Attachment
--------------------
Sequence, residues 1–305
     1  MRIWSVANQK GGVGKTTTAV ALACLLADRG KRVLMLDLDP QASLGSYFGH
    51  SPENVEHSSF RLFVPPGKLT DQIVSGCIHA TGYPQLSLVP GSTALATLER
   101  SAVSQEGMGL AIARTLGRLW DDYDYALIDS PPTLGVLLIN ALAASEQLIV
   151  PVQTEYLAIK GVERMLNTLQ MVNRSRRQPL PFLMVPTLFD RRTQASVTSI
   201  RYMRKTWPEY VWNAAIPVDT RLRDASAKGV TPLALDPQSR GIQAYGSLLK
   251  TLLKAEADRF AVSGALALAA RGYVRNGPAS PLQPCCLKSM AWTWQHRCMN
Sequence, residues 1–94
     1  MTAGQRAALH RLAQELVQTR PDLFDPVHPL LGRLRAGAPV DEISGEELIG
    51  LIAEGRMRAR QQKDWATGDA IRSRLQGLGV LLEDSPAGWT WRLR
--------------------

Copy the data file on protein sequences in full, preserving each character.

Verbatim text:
Sequence, residues 1–305
     1  MRIWSVANQK GGVGKTTTAV ALACLLADRG KRVLMLDLDP QASLGSYFGH
    51  SPENVEHSSF RLFVPPGKLT DQIVSGCIHA TGYPQLSLVP GSTALATLER
   101  SAVSQEGMGL AIARTLGRLW DDYDYALIDS PPTLGVLLIN ALAASEQLIV
   151  PVQTEYLAIK GVERMLNTLQ MVNRSRRQPL PFLMVPTLFD RRTQASVTSI
   201  RYMRKTWPEY VWNAAIPVDT RLRDASAKGV TPLALDPQSR GIQAYGSLLK
   251  TLLKAEADRF AVSGALALAA RGYVRNGPAS PLQPCCLKSM AWTWQHRCMN
Sequence, residues 1–94
     1  MTAGQRAALH RLAQELVQTR PDLFDPVHPL LGRLRAGAPV DEISGEELIG
    51  LIAEGRMRAR QQKDWATGDA IRSRLQGLGV LLEDSPAGWT WRLR